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I understand that a DSP is preferred rather than FPGA for an FIR filter, but my task is to implement both fixed-point and floating-point software filters (in C) for the Altera DE2. I barely know what an FIR filter is so I must learn everything but I can program C and assembly and I know the hardware well enough to program hardware interrupts and I'm beginning to handle serial communication.

Can you give me some advice how to learn and get started writing the FIR filter? The spec is that

Samples are sent from a device source by a serial interface (115200 bits/second, 1 start bit, 8 character bits, no parity bits, 1 stop bit) to the receiver port of a UART that is connected by the Avalon-bus with the Nios-core. The Nios-core shall run a program that implements a FIR-filter with the coefficients

 c0       c1      c2     c3

 0.0299  0.4701  0.4701  0.0299

The output samples of the FIR-filter shall be sent via the transmitter port of the same UART to another device sink.

I think I can solve the communication part (by means of the UART interface and putty(?) with a serial-to-usb cable to the DE2 board) but I'm not sure about the actual filter implementation and design. Can you help me? I want to look at designs for FIR filters to learn how to implement one.

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  • \$\begingroup\$ I understand but my spec is that it should be a software filter in C (even if real projects always do it in HDL) and I think it is so that I can learn what FIR filtering is the easiest way which could be coding it in C and comparing floating-point to fixed-point implementation. I think that one of the purposes of this task is the comparison between floating-point and fixed-point arithmetic. I don't know if HDL can implement both fixed and floating arithemtic (probably) but my sec says that my implementation should be in software and in C. \$\endgroup\$ – Niklas Rosencrantz Sep 17 '13 at 3:08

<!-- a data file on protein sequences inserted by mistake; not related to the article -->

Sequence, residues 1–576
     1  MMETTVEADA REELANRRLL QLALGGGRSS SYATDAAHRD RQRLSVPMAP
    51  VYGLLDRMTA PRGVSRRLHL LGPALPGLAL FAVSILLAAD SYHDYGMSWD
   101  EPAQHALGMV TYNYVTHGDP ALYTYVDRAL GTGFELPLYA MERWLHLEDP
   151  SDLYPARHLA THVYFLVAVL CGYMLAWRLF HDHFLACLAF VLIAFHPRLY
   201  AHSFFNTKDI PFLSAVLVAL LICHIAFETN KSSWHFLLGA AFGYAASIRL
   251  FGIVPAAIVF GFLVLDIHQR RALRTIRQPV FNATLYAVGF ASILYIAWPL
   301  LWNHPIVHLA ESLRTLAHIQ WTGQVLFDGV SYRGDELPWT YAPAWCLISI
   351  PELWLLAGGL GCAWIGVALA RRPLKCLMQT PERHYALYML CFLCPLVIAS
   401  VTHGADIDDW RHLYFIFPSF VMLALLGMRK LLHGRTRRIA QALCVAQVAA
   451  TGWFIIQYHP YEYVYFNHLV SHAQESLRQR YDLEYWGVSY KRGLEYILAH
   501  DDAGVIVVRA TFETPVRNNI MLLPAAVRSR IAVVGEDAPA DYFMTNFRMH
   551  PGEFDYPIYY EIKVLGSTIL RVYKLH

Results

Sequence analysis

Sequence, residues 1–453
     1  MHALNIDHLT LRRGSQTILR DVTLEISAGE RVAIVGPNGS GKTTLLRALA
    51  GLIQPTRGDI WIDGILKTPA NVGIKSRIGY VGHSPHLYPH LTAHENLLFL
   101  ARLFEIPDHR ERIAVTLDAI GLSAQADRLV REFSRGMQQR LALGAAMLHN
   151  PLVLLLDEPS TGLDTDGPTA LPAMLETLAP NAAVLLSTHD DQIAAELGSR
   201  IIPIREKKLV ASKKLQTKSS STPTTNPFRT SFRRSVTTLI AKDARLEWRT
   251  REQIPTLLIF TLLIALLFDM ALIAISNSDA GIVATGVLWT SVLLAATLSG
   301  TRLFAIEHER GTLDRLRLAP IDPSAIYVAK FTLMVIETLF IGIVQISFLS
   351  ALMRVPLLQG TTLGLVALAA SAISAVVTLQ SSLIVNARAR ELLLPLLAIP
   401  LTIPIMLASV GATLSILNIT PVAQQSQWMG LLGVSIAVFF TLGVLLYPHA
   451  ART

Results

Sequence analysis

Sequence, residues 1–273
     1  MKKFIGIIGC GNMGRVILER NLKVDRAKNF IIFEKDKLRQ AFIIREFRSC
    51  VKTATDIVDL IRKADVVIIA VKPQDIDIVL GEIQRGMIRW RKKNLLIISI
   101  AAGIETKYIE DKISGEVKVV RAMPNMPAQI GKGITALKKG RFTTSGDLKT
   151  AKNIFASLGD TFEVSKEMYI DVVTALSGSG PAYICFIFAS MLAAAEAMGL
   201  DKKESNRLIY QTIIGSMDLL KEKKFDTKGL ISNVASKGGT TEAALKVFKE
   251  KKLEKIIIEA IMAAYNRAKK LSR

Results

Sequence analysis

• \$\begingroup\$ The way you were told to do this (which is entirely reasonable when the source data is only coming over a 115200 baud link) involves using a soft core processor (the NIOS) in the FPGA. That makes it much more a generic embedded software problem, but much less an FPGA problem - possibly only one in the incidental issues of getting the system configured and running. \$\endgroup\$ – Chris Stratton Sep 17 '13 at 14:44
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Since this appears to be homework, here are some general tips.

  1. Check out the DE2 Manual to learn about the Avalon bus.
  2. Read up on the Nios arctitecture.
  3. Before you try to understand FIR filters, understand convolution.
  4. Then move on to FIR filters.

And at that point, you'll probably see how to implement one. It boils down to multiply-accumulate operations, and manipulating a couple pointers. It won't take much since you already have your coefficients. The theory is the hardest part.

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As you don't know anything about FIR filtering, start there. Get a good DSP book - Lyons is a good one to start out with: http://www.amazon.com/Understanding-Digital-Signal-Processing-Edition/dp/0137027419. Or you can read Smith's DSP guide online: http://www.dspguide.com/. Implementing a FIR filter is actually straightforward once you have the theory, you just shuffle through an array of past data values, multiplying them by some numbers and adding all the results up.

Build a software implementation on the PC, make it a single function that takes in a sample at a time, filters it and returns the filtered value. Call that in your main() function which takes data from a file and writes it out to a file.

Once you have that working, build the Nios part which will take the samples in. For now just return them back out unfiltered. Once that part is working, you can insert your FIR filter from the PC version. Move the code into the Nios environment, it should port relatively easily. Apply the filter to the incoming data stream and send the returned values back out of the serial port.

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